For a series as open-ended as The Walking Dead, we really need a definitive ending in order to properly wrap up the story. None of this Sopranos-style sudden cut stuff, and no Quantum Leap "things keep on happening but you don't see them" junk. Zombie fighting is a numbers game; there are simply far more walkers on Earth than there are living people, and even though humans possess superior intelligence, they just can't seem to keep it together as well as the brainless dead can. Humans lack unity, and zombies have an amazing persistence.

As we watch the last struggling group of survivors dwindle, in a world gone completely wild from neglect, they simply run out of resources to survive. Boxes of crackers only last so long, and no one seems to really pursue farming too seriously. It's a pathetic, whimpering death…but it's depressingly closer to reality than any apocalypse we've ever seen before on TV, and if The Walking Dead is one thing, it's depressing.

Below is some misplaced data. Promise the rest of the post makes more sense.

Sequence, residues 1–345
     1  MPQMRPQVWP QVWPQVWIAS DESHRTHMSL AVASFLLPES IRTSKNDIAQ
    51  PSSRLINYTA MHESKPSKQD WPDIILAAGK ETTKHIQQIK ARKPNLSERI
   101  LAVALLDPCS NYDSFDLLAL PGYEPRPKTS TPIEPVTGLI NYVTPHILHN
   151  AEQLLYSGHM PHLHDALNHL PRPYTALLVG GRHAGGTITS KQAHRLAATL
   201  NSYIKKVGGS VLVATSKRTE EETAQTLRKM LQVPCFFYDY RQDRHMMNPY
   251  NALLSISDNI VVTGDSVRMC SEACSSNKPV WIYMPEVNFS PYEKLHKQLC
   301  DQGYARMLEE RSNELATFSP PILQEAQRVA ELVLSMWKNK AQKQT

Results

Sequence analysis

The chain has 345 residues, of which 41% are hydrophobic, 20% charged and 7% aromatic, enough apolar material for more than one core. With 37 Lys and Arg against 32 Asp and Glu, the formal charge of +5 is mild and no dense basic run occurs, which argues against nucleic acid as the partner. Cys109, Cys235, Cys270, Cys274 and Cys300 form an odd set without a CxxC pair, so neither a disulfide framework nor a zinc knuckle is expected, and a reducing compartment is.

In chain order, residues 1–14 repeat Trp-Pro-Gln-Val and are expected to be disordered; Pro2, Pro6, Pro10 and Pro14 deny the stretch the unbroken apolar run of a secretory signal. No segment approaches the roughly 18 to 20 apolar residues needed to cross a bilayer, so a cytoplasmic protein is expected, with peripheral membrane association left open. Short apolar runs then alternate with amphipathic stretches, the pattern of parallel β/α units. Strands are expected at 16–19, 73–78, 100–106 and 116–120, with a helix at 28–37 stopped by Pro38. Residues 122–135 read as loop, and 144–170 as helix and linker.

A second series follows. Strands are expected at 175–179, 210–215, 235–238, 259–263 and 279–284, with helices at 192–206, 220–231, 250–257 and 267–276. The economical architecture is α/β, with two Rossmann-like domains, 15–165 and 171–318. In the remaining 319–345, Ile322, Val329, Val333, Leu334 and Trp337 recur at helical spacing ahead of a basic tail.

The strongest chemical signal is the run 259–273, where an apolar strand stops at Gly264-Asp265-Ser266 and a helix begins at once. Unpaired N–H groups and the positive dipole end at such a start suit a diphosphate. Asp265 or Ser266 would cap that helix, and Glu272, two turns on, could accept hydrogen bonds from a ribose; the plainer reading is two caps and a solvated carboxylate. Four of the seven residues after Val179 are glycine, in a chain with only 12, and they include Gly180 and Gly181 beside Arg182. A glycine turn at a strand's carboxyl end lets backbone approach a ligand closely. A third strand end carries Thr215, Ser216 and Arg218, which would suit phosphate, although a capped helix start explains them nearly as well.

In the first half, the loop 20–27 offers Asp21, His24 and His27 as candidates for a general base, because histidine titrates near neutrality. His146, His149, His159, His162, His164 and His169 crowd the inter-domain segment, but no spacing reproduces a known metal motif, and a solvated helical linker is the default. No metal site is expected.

The humans win

For what it's worth, we know almost nothing about walker physiology. We know that they die when their brains are injured, and we know that they spread a zombie-making disease. That's really about it. At this point, we haven't met a single zombie that's died of natural causes—including disemboweling, starvation, or drowning—so we can only assume that they're basically immortal. But they're also finite, and can be easily killed with just about anything pointy and well-aimed through a fence.